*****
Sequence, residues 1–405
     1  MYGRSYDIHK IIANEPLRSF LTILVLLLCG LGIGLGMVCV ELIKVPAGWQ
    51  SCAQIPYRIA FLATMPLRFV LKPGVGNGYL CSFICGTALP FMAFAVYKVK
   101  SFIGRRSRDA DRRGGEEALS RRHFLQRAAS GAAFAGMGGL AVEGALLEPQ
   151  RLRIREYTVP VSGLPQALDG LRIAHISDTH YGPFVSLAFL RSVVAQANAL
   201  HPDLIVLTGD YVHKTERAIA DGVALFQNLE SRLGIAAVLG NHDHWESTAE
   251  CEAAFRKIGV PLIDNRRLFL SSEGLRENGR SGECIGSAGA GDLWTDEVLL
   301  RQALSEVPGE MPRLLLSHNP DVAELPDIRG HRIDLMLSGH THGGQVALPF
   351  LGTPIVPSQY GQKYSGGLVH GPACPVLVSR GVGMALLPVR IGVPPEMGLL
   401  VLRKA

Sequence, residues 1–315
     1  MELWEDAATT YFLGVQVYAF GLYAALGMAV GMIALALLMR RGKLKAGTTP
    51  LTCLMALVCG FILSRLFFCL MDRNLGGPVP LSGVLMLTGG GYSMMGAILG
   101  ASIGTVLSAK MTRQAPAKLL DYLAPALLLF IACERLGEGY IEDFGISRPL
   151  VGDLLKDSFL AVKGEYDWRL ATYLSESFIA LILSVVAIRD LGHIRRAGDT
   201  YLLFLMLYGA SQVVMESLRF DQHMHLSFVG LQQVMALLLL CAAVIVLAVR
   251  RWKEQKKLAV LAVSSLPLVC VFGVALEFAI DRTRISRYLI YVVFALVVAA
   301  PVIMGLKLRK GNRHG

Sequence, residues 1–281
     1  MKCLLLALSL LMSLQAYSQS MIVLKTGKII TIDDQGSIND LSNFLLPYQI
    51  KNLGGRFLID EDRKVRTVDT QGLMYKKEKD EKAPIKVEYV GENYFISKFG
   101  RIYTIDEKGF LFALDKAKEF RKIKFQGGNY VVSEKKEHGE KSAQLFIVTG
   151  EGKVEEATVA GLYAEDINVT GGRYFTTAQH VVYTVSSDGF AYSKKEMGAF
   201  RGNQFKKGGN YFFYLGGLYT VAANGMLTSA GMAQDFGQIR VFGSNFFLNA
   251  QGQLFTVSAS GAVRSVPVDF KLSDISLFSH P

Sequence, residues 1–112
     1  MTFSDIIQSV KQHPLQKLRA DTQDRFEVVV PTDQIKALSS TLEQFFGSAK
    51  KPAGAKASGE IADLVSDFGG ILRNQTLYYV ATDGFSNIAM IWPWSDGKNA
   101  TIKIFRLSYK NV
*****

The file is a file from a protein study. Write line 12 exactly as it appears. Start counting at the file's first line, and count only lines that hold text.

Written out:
     1  MELWEDAATT YFLGVQVYAF GLYAALGMAV GMIALALLMR RGKLKAGTTP